Unlike the discomfort of sitting opposite this stranger who is about to deliver life shattering news, I don’t have many options to say, you know what I feel like stopping now. I am not in control.

Ok 2km now left, this is the last climb of the first day, 6 more days of this to go and I can hardly turn the pedals. The easy option is that beautiful decent, you could turn round and ride back, or I focus on continuing to turn those pedals. 

After what feels like a decade, I take the final pedal stroke that sees me summit over the 3rd and final Col of day 1. Only 6 more days to go. 

The inner battle between these two voices goes to the one that never quit today. 

As I climb off the bike I can hardly walk, the feeling of complete fatigue mixed with happiness is like no other. A far cry from the same feeling of not been able to walk in hospital. Back at the hotel the sign of a bath was like heaven, my body needs to get into that bath. I have not had a bath since leaving hospital as I worry about getting stuck, but tonight a shower is just not going to cut it. One hour later and the panic of I can’t get out becomes a reality! Am I going have to call Chris the support guy who I only just met to come lift me out of the bath on day 1, or do I find a solution to this situation.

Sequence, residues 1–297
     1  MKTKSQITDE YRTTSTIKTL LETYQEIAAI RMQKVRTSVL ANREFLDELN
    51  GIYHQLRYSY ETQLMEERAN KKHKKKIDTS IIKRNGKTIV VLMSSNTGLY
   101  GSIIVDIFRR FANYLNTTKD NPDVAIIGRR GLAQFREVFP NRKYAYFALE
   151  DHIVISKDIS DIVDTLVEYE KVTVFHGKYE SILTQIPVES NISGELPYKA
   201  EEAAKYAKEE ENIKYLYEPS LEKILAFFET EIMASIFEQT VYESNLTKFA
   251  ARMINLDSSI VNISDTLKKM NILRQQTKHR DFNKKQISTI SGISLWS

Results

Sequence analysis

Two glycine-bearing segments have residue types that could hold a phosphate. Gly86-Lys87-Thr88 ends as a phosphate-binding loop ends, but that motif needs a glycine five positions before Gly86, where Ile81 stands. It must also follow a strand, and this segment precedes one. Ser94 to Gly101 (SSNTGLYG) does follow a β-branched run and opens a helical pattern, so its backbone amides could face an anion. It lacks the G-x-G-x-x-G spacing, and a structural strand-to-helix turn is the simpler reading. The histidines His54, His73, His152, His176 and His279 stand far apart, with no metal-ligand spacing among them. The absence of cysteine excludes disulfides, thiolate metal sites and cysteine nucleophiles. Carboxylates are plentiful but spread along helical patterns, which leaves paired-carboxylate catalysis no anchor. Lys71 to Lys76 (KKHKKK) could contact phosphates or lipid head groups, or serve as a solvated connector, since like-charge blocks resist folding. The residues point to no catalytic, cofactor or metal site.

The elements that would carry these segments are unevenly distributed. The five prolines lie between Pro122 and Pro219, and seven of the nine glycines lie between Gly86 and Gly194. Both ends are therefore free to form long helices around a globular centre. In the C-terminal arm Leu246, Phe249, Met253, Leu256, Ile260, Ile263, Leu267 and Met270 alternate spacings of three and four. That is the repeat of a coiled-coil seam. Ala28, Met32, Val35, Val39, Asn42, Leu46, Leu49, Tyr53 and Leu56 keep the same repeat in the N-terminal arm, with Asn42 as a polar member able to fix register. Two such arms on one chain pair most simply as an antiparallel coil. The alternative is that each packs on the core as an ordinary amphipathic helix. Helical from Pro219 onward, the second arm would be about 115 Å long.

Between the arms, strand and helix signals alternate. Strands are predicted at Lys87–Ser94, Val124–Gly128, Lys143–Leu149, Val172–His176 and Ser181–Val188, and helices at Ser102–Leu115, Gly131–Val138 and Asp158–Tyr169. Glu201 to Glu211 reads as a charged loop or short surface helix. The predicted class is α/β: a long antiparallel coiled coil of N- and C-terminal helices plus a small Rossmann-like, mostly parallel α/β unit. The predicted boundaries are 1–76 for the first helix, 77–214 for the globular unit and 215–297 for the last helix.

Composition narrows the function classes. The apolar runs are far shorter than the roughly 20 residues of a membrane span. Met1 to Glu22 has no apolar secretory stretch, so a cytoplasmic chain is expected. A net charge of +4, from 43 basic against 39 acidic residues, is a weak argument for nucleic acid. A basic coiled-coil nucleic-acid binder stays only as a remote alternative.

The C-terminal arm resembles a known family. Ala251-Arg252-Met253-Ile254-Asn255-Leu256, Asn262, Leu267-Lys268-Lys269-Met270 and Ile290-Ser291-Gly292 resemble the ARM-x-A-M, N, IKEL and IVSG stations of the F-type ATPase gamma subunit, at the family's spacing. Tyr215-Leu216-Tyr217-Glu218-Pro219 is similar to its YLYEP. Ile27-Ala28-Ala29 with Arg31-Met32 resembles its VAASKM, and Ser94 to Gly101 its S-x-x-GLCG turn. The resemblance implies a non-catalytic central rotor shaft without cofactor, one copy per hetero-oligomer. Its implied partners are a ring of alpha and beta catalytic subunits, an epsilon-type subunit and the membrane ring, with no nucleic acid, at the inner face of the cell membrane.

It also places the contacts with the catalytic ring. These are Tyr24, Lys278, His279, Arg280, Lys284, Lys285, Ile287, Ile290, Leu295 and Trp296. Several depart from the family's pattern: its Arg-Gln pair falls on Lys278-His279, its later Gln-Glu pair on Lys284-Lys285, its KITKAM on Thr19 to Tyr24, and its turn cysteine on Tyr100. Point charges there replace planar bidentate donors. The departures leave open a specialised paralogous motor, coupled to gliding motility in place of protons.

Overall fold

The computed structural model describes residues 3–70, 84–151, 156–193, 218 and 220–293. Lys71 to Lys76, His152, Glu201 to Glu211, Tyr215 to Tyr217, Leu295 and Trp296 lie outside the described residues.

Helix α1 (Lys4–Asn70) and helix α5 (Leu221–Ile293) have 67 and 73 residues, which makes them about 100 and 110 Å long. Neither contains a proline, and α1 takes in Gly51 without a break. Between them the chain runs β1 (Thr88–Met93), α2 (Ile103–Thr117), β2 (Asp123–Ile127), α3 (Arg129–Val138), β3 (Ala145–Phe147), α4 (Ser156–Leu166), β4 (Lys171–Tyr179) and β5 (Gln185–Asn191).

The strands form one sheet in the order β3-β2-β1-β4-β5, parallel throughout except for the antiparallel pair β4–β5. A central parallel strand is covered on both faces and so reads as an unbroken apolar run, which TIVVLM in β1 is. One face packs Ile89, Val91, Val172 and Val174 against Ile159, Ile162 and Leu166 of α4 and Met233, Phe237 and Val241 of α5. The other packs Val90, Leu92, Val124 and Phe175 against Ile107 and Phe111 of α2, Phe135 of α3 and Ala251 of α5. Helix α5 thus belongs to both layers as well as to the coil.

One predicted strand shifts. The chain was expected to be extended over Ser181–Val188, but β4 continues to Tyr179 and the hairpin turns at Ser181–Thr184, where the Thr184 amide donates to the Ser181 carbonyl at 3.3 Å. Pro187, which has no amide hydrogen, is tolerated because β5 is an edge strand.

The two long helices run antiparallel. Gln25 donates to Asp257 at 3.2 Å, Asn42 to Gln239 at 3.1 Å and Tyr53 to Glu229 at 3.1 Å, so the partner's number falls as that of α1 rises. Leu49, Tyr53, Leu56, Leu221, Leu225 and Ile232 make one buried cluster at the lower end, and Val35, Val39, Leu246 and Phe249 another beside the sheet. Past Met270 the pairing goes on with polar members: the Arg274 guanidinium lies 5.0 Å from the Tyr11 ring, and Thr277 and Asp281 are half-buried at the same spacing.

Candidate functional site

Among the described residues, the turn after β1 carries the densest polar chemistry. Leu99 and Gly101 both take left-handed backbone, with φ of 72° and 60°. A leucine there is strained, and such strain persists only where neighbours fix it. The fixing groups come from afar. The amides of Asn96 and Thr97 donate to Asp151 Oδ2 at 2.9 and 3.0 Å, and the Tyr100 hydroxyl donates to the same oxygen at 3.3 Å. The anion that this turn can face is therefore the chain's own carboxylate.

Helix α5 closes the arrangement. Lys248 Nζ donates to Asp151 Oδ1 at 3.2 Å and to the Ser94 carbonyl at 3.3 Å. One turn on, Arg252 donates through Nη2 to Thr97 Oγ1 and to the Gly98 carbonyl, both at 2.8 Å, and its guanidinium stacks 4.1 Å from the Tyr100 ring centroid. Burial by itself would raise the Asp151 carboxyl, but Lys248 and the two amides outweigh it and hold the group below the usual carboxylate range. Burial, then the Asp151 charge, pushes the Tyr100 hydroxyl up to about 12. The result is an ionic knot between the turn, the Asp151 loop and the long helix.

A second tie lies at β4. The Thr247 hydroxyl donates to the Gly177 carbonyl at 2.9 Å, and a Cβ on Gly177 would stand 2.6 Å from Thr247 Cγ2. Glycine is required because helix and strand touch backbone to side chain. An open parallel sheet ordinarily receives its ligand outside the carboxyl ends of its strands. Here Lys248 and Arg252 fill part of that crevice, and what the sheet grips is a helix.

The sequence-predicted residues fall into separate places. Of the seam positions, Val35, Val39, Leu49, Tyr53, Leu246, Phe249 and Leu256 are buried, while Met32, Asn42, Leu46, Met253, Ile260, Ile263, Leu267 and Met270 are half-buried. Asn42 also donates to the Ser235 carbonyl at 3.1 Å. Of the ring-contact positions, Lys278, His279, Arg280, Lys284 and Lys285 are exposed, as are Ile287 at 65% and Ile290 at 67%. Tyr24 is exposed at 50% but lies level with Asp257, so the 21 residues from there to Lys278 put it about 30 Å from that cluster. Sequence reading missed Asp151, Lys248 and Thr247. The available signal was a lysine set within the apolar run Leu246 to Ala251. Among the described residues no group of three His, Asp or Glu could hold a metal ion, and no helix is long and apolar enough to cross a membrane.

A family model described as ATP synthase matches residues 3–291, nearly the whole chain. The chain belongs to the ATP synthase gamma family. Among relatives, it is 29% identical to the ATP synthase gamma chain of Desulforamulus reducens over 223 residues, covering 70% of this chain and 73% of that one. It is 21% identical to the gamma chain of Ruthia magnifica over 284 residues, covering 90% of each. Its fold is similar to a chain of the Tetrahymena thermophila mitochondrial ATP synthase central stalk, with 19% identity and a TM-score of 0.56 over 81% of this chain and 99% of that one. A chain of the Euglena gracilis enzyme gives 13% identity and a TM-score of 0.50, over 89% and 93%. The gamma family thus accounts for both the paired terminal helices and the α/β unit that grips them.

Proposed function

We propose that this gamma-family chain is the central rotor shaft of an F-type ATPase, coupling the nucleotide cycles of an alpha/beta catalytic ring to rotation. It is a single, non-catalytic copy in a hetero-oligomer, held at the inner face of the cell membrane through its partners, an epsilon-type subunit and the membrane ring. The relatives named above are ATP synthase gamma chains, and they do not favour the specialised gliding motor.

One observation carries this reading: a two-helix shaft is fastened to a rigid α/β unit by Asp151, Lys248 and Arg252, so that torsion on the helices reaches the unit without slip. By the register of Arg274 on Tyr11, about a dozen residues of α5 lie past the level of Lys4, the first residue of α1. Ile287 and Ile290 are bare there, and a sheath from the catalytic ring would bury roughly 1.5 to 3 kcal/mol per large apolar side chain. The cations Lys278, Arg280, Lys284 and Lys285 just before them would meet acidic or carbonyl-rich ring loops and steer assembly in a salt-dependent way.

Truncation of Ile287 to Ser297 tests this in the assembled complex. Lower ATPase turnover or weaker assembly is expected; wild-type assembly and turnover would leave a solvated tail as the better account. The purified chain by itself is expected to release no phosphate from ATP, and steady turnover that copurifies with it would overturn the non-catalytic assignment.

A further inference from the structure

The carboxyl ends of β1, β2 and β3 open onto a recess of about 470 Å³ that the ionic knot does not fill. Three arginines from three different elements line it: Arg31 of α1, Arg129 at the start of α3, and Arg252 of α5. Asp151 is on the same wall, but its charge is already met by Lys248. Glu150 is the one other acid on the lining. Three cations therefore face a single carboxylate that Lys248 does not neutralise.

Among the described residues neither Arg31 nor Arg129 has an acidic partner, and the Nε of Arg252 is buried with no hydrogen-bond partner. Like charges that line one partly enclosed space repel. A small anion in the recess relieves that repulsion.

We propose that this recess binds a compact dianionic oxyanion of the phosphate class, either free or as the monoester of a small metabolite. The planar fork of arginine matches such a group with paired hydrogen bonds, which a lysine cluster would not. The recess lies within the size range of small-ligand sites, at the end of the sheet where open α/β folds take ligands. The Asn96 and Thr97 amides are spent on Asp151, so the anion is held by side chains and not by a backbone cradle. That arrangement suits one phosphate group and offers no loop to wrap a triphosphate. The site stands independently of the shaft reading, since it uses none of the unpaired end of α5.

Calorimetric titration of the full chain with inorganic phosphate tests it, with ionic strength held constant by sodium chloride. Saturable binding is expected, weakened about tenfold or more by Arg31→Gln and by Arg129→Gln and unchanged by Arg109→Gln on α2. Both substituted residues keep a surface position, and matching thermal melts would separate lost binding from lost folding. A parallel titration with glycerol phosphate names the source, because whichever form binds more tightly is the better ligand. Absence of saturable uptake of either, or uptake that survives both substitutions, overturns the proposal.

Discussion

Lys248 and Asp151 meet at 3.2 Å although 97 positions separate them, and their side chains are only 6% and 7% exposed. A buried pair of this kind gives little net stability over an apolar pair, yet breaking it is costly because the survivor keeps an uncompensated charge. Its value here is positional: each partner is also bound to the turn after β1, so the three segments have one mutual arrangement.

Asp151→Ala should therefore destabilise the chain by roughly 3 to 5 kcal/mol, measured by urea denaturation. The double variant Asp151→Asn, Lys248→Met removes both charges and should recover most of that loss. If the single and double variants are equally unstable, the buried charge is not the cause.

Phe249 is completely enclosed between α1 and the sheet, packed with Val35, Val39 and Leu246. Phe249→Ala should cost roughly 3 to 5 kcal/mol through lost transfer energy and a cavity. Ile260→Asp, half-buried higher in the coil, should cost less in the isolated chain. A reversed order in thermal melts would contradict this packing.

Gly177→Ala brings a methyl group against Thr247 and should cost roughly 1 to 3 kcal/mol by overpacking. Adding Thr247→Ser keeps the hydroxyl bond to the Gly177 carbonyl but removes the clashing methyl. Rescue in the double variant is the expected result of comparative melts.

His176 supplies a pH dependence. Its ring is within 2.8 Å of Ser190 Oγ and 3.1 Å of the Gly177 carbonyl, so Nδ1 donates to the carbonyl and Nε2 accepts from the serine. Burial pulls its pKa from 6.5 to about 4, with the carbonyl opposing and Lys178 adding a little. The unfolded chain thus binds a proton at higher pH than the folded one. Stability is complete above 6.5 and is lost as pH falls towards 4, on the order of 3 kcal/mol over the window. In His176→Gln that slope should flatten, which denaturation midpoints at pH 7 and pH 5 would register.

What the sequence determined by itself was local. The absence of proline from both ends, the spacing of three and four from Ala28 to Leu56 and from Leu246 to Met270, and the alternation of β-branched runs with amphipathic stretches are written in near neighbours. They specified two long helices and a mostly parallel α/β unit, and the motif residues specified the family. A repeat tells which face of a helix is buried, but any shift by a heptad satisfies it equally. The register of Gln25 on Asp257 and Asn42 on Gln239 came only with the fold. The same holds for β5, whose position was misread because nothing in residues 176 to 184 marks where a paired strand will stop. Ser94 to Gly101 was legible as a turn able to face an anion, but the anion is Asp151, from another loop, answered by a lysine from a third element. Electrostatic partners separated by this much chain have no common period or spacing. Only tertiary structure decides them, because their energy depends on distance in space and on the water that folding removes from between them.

After several attempts I am out the bath and ready to fight another day. 

The fresh mountain air greets me on day 2, a much welcomed feeling over the air in the hospital room, I feel like I can’t breathe when I am in there.

Every morning the beauty of the mountains was a reminder of how lucky I was to be alive and have the ability to ride. I won’t lie, this was a brutal experience by day 3 I had saddle soars and I could hardly walk at the end of each day. The first twenty minutes each morning were horrid until I went numb, then it made sitting on seat much more pleasant.

The climbing started right away on day 2 and we had 3 cols to go over before the decent to Bourg St Maurice. The last climb was a brutal 20km up the Cormet de Roselend, the only thing keeping my mind of the pain in my body was the incredible scenery. Arriving at the hotel felt like heaven, I could not move and started to feel the saddle sores kicking in. Not what you want on day 2 of 7.